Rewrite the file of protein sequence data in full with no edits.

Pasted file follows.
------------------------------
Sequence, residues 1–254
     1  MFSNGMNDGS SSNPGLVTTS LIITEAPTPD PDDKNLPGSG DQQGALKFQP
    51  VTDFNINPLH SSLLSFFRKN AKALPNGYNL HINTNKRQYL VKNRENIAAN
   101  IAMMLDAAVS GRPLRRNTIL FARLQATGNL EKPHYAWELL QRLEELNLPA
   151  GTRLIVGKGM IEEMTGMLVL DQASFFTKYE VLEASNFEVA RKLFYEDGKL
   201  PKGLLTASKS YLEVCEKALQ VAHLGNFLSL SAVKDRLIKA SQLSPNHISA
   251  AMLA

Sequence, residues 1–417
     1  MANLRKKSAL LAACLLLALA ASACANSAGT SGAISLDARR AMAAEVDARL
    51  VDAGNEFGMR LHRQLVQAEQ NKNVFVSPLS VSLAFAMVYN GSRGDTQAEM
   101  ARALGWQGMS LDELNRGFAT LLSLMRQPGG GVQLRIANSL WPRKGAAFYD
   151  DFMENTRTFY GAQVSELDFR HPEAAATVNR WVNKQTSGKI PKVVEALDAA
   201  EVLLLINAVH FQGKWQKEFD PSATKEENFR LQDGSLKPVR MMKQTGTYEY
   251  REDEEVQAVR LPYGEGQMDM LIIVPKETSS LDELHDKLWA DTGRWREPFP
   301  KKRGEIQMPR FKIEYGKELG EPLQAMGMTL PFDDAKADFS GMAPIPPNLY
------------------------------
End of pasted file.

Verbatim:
Sequence, residues 1–254
     1  MFSNGMNDGS SSNPGLVTTS LIITEAPTPD PDDKNLPGSG DQQGALKFQP
    51  VTDFNINPLH SSLLSFFRKN AKALPNGYNL HINTNKRQYL VKNRENIAAN
   101  IAMMLDAAVS GRPLRRNTIL FARLQATGNL EKPHYAWELL QRLEELNLPA
   151  GTRLIVGKGM IEEMTGMLVL DQASFFTKYE VLEASNFEVA RKLFYEDGKL
   201  PKGLLTASKS YLEVCEKALQ VAHLGNFLSL SAVKDRLIKA SQLSPNHISA
   251  AMLA

Sequence, residues 1–417
     1  MANLRKKSAL LAACLLLALA ASACANSAGT SGAISLDARR AMAAEVDARL
    51  VDAGNEFGMR LHRQLVQAEQ NKNVFVSPLS VSLAFAMVYN GSRGDTQAEM
   101  ARALGWQGMS LDELNRGFAT LLSLMRQPGG GVQLRIANSL WPRKGAAFYD
   151  DFMENTRTFY GAQVSELDFR HPEAAATVNR WVNKQTSGKI PKVVEALDAA
   201  EVLLLINAVH FQGKWQKEFD PSATKEENFR LQDGSLKPVR MMKQTGTYEY
   251  REDEEVQAVR LPYGEGQMDM LIIVPKETSS LDELHDKLWA DTGRWREPFP
   301  KKRGEIQMPR FKIEYGKELG EPLQAMGMTL PFDDAKADFS GMAPIPPNLY